Language After Heidegger

2014.12.13 : View this Review Online | View Recent NDPR Reviews Krzysztof Ziarek, Language After Heidegger, Indiana University Press, 2013, 243pp., $45.00 (hbk), ISBN 9780253011015.
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2014.12.13 : View this Review Online | View Recent NDPR Reviews Krzysztof Ziarek, Language After Heidegger, Indiana University Press, 2013, 243pp., $45.00 (hbk), ISBN 9780253011015. Reviewed by Thomas Sheehan, Stanford University The first problem in addressing the topic of Heidegger and language is Heidegger’s own language, especially from 1936 on, when his technical terms and rhetoric become especially idiosyncratic. First of all, Heidegger maddeningly gives common terms uncommon meanings, and does so without notice — for example, “Ereignis” does not mean “event” as it does in ordinary German, and “Dasein” doesn’t mean existence. Second, Heidegger was scandalously inconsistent in the ever-changing meanings he gave to his key term “Sein” and to its older spelling, “Seyn.” And third, the more opaque his language becomes (“the world worlds,” “the nothing nothings”), the less he seems to offer evidence, much less justification, for his apparently far-fetched claims. This. . .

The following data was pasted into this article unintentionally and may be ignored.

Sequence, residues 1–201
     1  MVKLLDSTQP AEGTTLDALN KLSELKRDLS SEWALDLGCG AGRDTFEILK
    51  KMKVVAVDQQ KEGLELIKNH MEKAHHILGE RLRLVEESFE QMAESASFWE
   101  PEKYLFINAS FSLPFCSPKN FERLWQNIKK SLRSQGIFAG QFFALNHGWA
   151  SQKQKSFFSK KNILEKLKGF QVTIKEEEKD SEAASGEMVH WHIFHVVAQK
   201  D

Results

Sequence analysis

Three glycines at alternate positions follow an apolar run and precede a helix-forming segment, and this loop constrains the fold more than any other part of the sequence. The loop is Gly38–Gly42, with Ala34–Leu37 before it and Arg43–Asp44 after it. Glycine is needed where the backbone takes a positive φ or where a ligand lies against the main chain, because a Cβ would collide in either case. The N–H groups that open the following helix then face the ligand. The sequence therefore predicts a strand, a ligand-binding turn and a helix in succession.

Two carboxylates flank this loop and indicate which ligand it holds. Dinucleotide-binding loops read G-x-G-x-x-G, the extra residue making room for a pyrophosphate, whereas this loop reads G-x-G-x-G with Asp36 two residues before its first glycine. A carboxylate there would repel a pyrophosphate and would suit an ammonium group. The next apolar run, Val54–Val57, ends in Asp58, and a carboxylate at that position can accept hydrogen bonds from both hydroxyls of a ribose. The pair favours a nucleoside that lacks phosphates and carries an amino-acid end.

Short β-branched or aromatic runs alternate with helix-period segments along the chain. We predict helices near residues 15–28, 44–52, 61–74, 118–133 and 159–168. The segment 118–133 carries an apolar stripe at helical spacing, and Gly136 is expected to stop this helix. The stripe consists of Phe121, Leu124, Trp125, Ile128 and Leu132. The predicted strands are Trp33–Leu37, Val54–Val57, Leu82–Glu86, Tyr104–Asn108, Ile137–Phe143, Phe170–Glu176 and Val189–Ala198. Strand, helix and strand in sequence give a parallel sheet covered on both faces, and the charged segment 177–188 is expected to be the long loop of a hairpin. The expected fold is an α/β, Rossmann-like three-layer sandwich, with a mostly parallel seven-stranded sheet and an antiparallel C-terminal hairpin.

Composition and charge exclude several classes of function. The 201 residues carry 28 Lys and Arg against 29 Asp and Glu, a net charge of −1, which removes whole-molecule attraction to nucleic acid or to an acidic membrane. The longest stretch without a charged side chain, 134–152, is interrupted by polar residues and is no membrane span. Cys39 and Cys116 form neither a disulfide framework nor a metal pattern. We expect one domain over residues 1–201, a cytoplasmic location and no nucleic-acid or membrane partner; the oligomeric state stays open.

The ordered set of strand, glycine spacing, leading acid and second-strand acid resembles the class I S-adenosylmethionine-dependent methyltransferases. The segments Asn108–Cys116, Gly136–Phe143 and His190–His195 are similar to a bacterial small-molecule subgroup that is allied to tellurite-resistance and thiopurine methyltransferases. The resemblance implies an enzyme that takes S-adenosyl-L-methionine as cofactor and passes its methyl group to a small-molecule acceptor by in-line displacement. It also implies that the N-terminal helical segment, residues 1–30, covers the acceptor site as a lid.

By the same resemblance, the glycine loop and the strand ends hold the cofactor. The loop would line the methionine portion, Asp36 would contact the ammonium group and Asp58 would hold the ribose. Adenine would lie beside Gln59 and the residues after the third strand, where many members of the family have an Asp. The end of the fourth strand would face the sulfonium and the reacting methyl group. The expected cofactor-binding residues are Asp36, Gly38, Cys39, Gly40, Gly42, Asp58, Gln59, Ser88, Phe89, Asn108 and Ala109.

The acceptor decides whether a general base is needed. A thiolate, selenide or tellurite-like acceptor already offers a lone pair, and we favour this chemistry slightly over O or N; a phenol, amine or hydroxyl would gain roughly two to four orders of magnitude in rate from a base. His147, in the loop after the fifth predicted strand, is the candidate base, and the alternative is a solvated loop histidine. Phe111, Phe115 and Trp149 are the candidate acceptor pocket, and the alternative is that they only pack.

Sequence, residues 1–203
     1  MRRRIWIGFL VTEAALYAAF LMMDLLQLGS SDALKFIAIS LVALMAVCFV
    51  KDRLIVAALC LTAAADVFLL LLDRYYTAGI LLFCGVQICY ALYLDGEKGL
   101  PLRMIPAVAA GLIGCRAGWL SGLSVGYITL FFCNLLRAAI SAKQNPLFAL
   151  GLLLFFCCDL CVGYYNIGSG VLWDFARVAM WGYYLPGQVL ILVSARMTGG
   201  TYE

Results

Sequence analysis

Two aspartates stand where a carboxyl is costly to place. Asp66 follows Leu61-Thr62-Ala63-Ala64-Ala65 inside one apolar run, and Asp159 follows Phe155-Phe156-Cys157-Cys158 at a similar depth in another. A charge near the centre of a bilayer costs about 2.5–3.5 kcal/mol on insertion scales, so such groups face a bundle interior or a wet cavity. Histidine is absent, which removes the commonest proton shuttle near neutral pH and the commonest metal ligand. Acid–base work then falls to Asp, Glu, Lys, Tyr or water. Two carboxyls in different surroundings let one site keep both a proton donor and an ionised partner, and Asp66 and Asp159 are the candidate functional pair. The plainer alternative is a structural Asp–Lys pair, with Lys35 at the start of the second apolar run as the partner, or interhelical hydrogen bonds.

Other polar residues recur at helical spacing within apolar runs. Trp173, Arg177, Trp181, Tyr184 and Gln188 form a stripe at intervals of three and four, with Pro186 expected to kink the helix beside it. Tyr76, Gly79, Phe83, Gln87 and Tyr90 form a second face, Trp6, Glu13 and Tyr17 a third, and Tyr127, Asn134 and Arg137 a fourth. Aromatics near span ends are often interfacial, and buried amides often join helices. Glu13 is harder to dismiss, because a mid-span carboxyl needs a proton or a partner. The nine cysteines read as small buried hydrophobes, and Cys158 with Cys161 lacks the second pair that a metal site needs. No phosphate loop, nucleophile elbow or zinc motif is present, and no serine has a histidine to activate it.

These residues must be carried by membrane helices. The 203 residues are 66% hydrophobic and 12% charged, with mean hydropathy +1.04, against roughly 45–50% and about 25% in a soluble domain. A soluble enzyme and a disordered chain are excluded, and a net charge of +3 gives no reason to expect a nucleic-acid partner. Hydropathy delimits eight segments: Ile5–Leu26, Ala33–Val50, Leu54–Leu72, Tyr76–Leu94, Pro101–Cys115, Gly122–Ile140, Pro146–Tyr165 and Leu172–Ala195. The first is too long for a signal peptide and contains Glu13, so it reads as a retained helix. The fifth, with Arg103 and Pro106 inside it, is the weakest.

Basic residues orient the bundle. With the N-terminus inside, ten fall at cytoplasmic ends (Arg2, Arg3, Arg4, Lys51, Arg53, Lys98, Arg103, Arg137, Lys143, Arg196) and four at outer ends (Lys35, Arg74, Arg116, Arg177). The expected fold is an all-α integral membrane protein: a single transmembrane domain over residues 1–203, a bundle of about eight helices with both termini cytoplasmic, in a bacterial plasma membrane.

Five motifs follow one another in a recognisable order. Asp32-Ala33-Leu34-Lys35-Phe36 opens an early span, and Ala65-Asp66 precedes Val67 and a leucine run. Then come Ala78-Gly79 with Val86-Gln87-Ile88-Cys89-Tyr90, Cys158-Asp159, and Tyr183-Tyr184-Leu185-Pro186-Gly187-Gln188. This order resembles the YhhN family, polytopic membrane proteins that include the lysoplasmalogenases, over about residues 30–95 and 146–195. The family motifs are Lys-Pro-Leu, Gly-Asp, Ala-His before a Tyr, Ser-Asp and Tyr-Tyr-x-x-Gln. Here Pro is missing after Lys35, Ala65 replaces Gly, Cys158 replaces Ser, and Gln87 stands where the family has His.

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News source: Notre Dame Philosophical Reviews // News

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